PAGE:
As Canadian Prime Minister Stephen Harper took part in a rather productive trade mission to China this month, reports emerged that his government had directed the Canadian Security Intelligence Service (CSIS) to use foreign intelligence information gathered on suspected terrorists that may have been acquired through torture.
The report stated that under extreme circumstances, CSIS may “includ[e] information based on intelligence provided by foreign agencies that may have been derived from the use of torture or mistreatment.” The irony, of course, is that this all emerged while the prime minister toured the very country his government had previously distanced itself from over endemic human rights violations.
Political opponents and civil society groups immediately condemned the government and questioned how such a directive impacts the overall quality of democracy in Canada. The official opposition critic for justice Jack Harris accused the government of “utter contempt” for the Canadian Charter of Rights and Freedom.Enjoying this article? Click here to subscribe for full access. Just $5 a month.
Yet Canada has a history of trading information with Asian governments often accused of using torture, including China, India and Thailand. Canada has signed official Mutual Legal Assistance Treaties with each country and has other treaties in the works. What isn’t common is how a reporter for the Canadian Press was able to acquire such knowledge without the veil of “nation security” blocking the access to information request.
Could this be sloppy politics, or perhaps an administrative oversight in the management of sensitive political directives? After all, it isn’t every day that an individual member of civil society can prove that a sitting government is actively defending an uninspiring argument for the use of torture – one the government surely learned from a Hollywood script.
Yet while trade with authoritarian and semi-authoritarian Asian governments may seem ethically questionable, there’s a strong case to be made that such engagement can benefit development and the overall international security order. After all, democratic peace theory suggests that liberal democracies that trade don’t go to war.
But trading with such regimes has risks. Officials often must turn a blind-eye to various illiberal governance tactics such as corruption, state-sanctioned violence through human rights violations and undemocratic political process, all of which are witnessed throughout Asia.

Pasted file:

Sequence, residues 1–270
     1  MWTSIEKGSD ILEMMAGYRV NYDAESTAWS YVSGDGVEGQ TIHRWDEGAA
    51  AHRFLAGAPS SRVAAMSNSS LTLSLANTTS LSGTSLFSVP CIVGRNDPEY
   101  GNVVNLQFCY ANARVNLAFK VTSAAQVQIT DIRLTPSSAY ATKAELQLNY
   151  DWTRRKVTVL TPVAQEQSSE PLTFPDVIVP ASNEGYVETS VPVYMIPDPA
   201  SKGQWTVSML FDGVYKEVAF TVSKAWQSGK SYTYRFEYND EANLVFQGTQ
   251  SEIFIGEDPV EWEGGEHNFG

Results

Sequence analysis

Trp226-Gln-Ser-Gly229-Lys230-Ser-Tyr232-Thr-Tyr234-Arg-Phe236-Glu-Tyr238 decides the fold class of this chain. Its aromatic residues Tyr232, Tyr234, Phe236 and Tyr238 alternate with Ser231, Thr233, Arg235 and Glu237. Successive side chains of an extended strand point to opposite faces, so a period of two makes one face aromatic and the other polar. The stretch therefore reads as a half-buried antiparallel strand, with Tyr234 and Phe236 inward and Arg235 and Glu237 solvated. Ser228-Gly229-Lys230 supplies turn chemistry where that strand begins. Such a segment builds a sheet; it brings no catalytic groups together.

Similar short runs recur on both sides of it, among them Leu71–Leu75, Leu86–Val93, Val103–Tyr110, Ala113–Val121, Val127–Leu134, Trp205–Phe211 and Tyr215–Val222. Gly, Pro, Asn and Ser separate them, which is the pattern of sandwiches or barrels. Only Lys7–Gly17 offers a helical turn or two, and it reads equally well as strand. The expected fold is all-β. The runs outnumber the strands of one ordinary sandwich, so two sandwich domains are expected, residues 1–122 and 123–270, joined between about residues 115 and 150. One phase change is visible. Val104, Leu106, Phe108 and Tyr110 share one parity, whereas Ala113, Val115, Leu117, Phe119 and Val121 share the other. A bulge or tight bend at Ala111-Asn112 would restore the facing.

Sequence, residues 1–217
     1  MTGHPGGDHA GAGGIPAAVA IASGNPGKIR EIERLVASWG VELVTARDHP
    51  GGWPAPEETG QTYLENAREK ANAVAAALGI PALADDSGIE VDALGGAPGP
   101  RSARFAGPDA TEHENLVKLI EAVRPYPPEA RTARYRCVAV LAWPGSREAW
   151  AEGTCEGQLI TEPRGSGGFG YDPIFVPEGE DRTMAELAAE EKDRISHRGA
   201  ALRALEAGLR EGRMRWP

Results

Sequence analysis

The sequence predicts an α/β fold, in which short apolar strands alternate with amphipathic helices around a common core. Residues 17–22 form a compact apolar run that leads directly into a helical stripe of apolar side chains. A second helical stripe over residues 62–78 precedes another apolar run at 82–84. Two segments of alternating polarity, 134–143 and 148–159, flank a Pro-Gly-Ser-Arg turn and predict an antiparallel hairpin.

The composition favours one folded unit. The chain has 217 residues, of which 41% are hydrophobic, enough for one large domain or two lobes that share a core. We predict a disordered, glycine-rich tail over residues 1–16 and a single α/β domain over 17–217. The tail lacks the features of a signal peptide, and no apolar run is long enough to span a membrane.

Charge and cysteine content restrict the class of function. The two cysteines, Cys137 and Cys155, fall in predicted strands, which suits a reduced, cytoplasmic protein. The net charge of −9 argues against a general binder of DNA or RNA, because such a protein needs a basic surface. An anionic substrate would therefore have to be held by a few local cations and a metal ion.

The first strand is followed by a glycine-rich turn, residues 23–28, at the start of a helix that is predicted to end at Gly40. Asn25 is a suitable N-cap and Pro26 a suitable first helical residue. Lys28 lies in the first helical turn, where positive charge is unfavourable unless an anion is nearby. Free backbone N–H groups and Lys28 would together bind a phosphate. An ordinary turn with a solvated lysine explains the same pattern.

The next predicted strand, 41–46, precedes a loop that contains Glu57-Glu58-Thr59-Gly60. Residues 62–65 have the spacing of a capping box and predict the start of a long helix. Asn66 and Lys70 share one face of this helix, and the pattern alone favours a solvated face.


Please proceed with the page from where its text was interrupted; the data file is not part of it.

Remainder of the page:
Canadians are now told that the trade in criminal intelligence also requires the same level of complicity. Rather than maintaining a covert policy of intelligence gathering protected by national security, the government has inflicted Canadians with a moral argument that they now must normalize or reject.
There is no longer any excuse; Canadians are complicit in torture abroad. Canada is signaling to Asia’s rulers that torture is acceptable, period. The question remains, how will Canada’s democratic system approach this truth?
For the most part, Canadian ideals are renowned for respecting human rights and promoting a strong rule of law. Canadians should remember that some of the most influential human rights mechanisms were fiercely championed by diverse governments including peacekeeping, multiculturalism, human security and the Responsibility to Protect (R2P).
Yet as Canada has subtly endorses the use of torture by foreign governments, proponents of sharing the information gathered by torture must consider how such a policy impacts illiberal Asia. After all, regimes that are responsible for brutalizing their citizens can now comfortably make the case that they are torturing prisoners to secure a safe and prosperous Canada.
Robert J. Hanlon is a former editor of the Asian Human Rights Commission and a Research Fellow at the Institute of Asian Research, University of British Columbia.